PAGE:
“The first is that the model is conceptually valid – it actually explains all the known data, it’s been internally consistent now for 20 years and getting better at that. The second is that it is predictively valid, and the third thing is that all the data is supported when we actually do an intervention… So yes, we’ll take it to human trials and I’m taking it through FDA trials, because I recognise that nobody in the world will believe this, unless we do it right.”

Eric Marcotulli, Elysium

Elysium CEO Eric Marcotulli

Last February we spoke to Eric Marcotulli, founder of anti-aging supplement developer, Elysium Health. The interview focused on the developments of the company’s lead NAD+ boosting product Basis, and Elysium’s plans to prove its Longevity benefits through clinical studies.

The first step first is the company’s current NAD+ trial, which is essentially establishing a baseline for NAD+ levels as they relate to biological age.

“That sets the stage potentially for an intervention trial,” Marcotulli told us. “If these results do show that there’s a link between NAD+ levels and your rate of aging, using this technology, then we can actually go and start to do trials that say, over the longer term, can we actually impact your rate of aging in a positive fashion?”

Kevin Perrott, OpenCures

Kevin Perrott, co-founder of SENS and Oisin Biotechnologies, is now CEO of OpenCures focussing on developing interventions in age-related disease

In May, Kevin Perrott, co-founder of SENS Research Foundation and Oisin Biotechnologies, spoke to us about his latest venture, OpenCures. The start-up uses community research and individuals’ health data to discover and develop interventions in age-related disease.

Perrott made the case that a data resource that truly reflected all aspects of an individual’s health would be unparalleled in its value, and it could be owned by the individuals themselves.

“If we empower individuals by giving them the capacity to aggregate and focus the value of their data themselves, the insurance companies will fall into line, everybody will fall into line,” he told us. Because then we’re actually turning the current health technology development paradigm from a broken economic cycle into a responsible economic cycle. And that can only benefit everybody.”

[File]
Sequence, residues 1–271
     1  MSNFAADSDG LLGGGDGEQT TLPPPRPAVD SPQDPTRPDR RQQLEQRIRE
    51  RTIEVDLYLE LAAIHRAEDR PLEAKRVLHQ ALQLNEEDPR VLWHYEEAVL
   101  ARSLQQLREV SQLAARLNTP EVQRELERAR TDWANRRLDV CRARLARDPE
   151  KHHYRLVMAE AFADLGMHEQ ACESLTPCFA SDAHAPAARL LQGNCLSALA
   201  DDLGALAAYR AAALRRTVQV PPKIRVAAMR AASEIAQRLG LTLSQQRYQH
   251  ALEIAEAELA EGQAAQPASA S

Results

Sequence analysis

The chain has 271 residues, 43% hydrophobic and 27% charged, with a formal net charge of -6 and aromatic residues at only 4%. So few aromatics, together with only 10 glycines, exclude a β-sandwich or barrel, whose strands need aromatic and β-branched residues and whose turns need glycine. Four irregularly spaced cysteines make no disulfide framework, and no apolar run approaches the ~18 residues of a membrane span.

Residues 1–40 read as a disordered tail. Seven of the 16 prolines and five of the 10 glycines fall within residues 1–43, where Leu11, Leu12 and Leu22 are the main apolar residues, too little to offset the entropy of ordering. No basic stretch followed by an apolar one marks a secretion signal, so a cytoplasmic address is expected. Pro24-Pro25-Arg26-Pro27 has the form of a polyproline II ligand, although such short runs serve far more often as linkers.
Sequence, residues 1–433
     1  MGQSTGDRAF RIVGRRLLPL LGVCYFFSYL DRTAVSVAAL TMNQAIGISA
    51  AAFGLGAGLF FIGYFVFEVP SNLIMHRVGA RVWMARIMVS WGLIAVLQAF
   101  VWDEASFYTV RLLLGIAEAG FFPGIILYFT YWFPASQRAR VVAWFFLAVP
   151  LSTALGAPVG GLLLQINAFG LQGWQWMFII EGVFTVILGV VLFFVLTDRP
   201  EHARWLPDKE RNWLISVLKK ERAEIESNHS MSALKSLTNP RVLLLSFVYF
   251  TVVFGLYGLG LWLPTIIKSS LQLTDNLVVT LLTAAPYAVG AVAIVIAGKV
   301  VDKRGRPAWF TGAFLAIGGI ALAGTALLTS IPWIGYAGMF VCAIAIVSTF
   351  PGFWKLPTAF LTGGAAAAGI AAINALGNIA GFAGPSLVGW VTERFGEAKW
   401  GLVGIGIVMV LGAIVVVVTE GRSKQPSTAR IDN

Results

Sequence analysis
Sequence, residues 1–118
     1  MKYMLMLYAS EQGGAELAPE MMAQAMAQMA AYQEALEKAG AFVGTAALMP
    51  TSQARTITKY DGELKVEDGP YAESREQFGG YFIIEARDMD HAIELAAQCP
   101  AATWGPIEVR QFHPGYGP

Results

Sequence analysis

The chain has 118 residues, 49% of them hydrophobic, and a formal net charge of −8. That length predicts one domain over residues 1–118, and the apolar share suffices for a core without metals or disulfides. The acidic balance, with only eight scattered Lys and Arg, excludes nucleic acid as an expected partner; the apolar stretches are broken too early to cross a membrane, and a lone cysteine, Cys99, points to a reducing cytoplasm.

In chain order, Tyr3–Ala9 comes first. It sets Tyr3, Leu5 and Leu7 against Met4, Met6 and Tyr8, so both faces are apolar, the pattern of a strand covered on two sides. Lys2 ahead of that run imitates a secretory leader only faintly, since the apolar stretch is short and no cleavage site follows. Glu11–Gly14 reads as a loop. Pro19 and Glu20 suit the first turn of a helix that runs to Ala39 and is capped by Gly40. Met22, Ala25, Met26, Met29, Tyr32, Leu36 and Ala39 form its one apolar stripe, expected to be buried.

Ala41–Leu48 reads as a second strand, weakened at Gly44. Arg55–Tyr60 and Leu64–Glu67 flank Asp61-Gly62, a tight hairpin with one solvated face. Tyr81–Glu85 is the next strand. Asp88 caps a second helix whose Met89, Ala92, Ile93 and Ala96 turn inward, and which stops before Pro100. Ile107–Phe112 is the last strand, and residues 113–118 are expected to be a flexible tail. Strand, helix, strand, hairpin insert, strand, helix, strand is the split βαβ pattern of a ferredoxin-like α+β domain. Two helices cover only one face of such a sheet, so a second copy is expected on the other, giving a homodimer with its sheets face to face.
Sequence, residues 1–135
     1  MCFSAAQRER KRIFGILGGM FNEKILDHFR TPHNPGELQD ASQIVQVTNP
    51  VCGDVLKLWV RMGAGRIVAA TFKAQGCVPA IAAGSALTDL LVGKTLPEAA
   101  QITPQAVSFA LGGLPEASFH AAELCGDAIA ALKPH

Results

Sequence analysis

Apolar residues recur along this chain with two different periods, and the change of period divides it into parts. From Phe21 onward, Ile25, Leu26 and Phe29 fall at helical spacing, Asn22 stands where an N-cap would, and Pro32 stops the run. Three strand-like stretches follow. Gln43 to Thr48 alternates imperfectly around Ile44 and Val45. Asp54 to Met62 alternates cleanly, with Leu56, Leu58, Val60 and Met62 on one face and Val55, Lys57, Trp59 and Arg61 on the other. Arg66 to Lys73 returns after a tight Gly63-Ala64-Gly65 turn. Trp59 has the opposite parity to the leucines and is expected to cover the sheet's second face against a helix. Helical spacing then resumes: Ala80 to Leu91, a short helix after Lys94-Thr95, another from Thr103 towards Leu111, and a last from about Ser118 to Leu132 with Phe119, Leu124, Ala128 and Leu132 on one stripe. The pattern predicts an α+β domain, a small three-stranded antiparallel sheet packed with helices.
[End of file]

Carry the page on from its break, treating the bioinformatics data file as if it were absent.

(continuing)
Christian Schafmeister, ThirdLaw Technologies

Temple University Professor Christian Schafmeister, on his commercialisation in the form of his new start-up – ThirdLaw Technologies for spiroligomers.

Some of the founders we speak to are taking their first step from academia into the commercial world, and this was the case with Temple University Professor Christian Schafmeister. After 20 years of academic research, he told us about his journey towards commercialisation in the form of his new DoD-funded start-up – ThirdLaw Technologies.

“We are starting up a company to develop an artificial immune system,” he told us, before explaining his development of ‘spiroligomers’ – a new type of chemical entity that combines the functional group richness of peptides and proteins with the properties of small molecules.

“We’re 20 years ahead of anyone making these things and they’re not easy to make… The clearest [Longevity application for spiroligomers] is developing catalysts that can cleave the glucosepane crosslinks to achieve advanced glycation endpoint (AGE) products.”

Lorna Harries, SENISCA

Senisca

In July we spoke to University of Exeter Professor Lorna Harries about her work to develop “senotherapeutic interventions” that reverse cellular senescence. The co-founder of SENISCA has developed a way to effectively turn back the aging clock in old cells by modulating of RNA splicing and is working on developing new treatments for the diseases and aesthetic aspects of aging.

“What we’ve discovered is a new, and druggable, hallmark of aging – a new molecular mechanism by which cells age, which we can target to rejuvenate cells,” she told us, explaining that SENISCA will develop new ways to target the genes that control splicing factor levels directly.

“Because we know exactly which genes are involved, and we know exactly what the regulatory relationships are, we can target, specifically, that interaction to switch that gene on or off only when it is affected by the aging process. And we’re going to marry that with some very clever delivery mechanisms that will deliver it specifically to the senescent cells. So we’re looking at a platform technology.”

Danny Sullivan
Contributing Editor Danny has worked in technology communications for more than 15 years, spanning Europe and North America. From bionics and lasers to software and pharmaceuticals – and everything in between – he’s covered it all. Danny has wide experience of technology publishing and technical writing and has specific interest in the transfer from idea to market.